Reflecting on Church #36: Don’t Expect a Minister to Do What You’re Supposed to Do
With our journey of visiting fifty-two churches over, I can reflect more on the complete experience. Today, I’ll add to my thoughts about Church #36.
We arrived at church only to learn they cancelled the service because their pastor had an emergency. Despite this, we hung around and talked for a long time, having brief conversations with most of the people who had gathered for Sunday School, which wasn’t cancelled.
During this time we had a deep spiritual discussion with a long ago friend. In doing so, we were able to minister to one another in a most satisfying way.
Though we didn’t experience a church service, we did experience deep spiritual community. From my perspective, I had a meaningful church encounter even though there was no official service. It was one of my more noteworthy memories at the churches we visited.As followers of Jesus, he expects every one of us to minister to one another. Click To Tweet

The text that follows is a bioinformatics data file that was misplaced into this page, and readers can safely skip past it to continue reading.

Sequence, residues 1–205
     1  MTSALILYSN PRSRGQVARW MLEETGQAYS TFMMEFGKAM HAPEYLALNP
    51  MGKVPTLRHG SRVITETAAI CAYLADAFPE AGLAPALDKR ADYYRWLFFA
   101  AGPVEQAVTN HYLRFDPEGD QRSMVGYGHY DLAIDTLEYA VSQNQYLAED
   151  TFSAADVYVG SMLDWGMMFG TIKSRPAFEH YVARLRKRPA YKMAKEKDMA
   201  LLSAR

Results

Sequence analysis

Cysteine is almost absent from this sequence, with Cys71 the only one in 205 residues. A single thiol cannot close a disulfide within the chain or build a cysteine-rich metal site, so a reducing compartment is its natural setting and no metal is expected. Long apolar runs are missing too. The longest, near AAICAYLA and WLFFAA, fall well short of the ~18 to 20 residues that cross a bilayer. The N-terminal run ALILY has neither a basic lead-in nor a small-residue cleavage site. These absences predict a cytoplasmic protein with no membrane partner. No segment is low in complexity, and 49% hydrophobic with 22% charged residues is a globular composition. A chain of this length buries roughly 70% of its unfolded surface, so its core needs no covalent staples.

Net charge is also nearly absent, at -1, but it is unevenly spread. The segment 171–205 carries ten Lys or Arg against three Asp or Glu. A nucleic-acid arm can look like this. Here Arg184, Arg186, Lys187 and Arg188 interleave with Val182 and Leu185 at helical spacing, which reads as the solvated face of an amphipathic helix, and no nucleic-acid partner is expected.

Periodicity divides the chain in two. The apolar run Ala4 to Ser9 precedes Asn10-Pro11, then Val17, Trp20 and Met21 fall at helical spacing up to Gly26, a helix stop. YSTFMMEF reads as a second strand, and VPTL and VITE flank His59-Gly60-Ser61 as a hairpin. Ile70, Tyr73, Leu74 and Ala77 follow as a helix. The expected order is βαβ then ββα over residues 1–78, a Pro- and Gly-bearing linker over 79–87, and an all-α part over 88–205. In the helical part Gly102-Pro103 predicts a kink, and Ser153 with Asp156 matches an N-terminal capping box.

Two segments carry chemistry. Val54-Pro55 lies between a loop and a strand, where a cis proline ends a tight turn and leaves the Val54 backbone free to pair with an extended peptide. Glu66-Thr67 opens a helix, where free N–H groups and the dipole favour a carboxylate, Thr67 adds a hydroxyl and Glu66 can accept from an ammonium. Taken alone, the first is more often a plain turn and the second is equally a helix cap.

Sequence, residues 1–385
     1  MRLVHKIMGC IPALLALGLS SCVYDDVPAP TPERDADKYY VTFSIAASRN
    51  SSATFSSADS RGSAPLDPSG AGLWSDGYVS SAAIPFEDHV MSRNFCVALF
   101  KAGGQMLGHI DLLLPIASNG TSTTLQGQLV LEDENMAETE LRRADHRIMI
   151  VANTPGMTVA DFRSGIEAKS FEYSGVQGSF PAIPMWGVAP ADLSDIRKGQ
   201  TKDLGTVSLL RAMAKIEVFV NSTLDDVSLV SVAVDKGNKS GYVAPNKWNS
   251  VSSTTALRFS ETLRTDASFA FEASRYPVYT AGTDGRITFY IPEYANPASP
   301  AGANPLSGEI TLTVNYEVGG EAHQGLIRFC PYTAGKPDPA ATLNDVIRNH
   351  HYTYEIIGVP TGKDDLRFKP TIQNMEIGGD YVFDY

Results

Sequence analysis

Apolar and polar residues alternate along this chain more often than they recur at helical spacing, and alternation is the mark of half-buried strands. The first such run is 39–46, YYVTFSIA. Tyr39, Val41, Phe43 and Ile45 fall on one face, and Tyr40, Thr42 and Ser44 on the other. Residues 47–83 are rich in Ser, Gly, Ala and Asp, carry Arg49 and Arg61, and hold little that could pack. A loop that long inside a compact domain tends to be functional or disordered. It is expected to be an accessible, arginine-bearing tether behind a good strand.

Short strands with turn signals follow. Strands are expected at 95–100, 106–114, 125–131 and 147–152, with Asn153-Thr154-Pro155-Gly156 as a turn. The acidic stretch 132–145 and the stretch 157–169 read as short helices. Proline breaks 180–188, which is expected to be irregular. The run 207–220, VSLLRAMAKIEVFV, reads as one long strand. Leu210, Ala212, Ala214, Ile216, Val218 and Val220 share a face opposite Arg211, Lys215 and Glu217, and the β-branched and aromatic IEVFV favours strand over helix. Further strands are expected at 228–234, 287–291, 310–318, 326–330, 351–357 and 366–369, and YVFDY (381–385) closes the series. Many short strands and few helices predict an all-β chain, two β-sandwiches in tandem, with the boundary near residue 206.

The time was memorable for my wife, too, although it hit her a bit differently. “If they’re so full of the Holy Spirit,” she said, “you’d think he would have prompted someone to lead their service.”
Though they held a successful Sunday School on their own without pastoral support, they didn’t even attempt to do so for church. I’m not sure if this was the minister’s decision or theirs, but they should have tried.
Even if no one felt capable of teaching a lesson, they could have still done the worship portion of the service and handled all the other elements too.
The idea that a church needs to have a pastor present to hold a service is ridiculous. As followers of Jesus, he expects every one of us to minister to one another. This is what we should always do, whether a minister is there or not.
Peter DeHaan writes about biblical Christianity to confront status quo religion and live a life that matters. He seeks a fresh approach to following Jesus through the lens of Scripture, without the baggage of made-up traditions and meaningless practices. Read more in his books, blog, and weekly email updates.